BOJ Kuroda Says Negative Rates Should Boost Markets After Market Embraces Risk

Bank of Japan Governor Haruhiko Kuroda said Monday that its negative interest rate policy should boost stock prices and weaken the yen, but its effects are currently outweighed by excessive risk aversion in financial markets.

Speaking at a forum in Tokyo, Kuroda said Japanese economic fundamentals are strong, adding that the BOJ will carefully monitor how its policy filters into the real economy.

“The policy works in the direction of raising stock prices and lowering the value of the yen. At the moment, these effects are being outweighed by the excessive risk aversion among investors around the globe,” Kuroda said in his speech.

“However, given the strong fundamentals of Japan’s economy and those of Japanese companies, and that the negative interest rate policy will have a powerful effect, financial markets will turn positive as investor confidence returns,” Kuroda said.

The BOJ surprised financial markets with its decision in late January to adopt a negative interest rate policy amid growing concern that falling oil prices and slowing emerging economies may hamper its efforts to achieve a 2 percent inflation target.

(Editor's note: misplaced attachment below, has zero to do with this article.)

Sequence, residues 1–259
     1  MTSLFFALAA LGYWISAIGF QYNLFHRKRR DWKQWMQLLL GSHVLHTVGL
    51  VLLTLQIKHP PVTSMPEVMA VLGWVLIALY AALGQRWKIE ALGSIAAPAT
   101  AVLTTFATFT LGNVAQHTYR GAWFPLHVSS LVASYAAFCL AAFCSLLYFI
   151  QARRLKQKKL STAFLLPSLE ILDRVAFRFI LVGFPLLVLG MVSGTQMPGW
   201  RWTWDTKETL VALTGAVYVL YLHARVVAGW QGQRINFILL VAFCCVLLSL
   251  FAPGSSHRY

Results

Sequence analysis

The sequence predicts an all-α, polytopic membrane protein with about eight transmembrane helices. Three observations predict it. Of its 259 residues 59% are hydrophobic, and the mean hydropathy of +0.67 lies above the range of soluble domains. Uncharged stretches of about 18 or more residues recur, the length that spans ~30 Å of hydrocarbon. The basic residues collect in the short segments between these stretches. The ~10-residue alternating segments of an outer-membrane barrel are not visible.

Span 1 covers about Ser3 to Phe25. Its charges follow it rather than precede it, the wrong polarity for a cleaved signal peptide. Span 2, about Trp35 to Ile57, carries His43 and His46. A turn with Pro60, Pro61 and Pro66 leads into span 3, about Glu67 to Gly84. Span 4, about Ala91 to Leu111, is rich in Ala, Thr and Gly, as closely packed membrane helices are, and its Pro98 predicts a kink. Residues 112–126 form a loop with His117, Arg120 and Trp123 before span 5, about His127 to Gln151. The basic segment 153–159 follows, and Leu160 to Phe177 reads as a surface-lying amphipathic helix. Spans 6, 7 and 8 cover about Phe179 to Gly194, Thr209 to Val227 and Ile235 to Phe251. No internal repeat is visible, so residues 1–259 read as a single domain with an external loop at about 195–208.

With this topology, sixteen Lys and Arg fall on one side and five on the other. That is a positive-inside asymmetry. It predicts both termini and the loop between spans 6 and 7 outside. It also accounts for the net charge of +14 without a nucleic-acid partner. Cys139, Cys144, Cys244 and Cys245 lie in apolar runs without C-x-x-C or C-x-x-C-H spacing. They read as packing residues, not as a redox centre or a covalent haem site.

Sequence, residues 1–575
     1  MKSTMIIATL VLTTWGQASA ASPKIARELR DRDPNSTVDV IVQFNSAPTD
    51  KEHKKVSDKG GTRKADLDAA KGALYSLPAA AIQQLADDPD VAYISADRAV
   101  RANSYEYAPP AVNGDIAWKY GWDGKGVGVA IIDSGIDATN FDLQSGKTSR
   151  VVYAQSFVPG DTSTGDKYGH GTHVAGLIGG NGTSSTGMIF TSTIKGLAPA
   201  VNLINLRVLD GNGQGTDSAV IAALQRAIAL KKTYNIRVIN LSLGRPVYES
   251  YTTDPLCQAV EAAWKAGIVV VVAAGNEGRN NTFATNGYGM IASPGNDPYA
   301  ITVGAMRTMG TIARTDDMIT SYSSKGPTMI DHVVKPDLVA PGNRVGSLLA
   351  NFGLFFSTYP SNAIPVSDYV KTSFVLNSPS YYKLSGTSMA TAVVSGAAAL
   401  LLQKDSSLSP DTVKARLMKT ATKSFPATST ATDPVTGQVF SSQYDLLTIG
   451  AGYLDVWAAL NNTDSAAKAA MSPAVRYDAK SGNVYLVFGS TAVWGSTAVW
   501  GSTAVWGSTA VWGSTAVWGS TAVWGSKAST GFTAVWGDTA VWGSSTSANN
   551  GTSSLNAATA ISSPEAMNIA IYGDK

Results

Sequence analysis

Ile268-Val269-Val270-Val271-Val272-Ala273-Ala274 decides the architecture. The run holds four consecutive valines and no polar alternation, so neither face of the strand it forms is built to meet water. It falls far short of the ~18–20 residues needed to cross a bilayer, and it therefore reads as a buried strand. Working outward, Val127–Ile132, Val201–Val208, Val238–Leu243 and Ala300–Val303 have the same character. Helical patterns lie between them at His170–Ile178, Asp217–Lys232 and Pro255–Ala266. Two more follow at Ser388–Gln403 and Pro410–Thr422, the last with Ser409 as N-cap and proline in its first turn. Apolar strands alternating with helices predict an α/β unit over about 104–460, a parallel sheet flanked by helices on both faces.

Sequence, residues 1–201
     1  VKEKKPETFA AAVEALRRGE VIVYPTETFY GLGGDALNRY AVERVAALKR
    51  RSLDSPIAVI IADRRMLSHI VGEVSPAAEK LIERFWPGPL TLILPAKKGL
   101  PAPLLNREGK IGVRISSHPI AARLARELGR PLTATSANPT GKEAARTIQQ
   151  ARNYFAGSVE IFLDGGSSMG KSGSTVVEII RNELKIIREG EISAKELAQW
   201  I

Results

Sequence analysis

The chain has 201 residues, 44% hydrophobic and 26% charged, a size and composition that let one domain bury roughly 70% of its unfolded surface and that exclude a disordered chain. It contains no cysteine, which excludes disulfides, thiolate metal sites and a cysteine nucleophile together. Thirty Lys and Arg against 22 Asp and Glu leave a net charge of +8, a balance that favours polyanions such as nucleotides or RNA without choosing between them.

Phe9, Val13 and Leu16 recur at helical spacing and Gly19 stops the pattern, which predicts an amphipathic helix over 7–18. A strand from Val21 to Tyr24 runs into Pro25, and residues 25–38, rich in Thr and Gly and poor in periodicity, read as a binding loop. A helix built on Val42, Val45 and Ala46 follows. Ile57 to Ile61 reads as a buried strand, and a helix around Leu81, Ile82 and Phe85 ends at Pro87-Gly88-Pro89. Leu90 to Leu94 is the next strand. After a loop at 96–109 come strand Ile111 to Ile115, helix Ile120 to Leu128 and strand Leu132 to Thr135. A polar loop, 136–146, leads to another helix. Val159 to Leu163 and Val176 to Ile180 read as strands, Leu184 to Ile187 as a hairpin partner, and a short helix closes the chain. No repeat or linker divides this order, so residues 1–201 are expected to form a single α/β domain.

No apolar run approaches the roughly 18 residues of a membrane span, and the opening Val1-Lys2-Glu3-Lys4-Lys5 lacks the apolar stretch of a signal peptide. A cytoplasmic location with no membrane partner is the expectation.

The negative rate policy is designed to benefit households and companies, Kuroda said, while also maintaining that he expects to soon see a positive effect on housing investment and financing by companies.

via Mainichi

Alfonso Esparza

Alfonso Esparza

Senior Currency Analyst at Market Pulse
Alfonso Esparza specializes in macro forex strategies for North American and major currency pairs. Upon joining OANDA in 2007, he established the MarketPulseFX blog and he has since written extensively about central banks and global economic and political trends. Alfonso has also worked as a professional currency trader focused on North America and emerging markets. He holds a finance degree from the Monterrey Institute of Technology and Higher Education (ITESM) and an MBA with a specialization on financial engineering and marketing from the University of Toronto.
Alfonso Esparza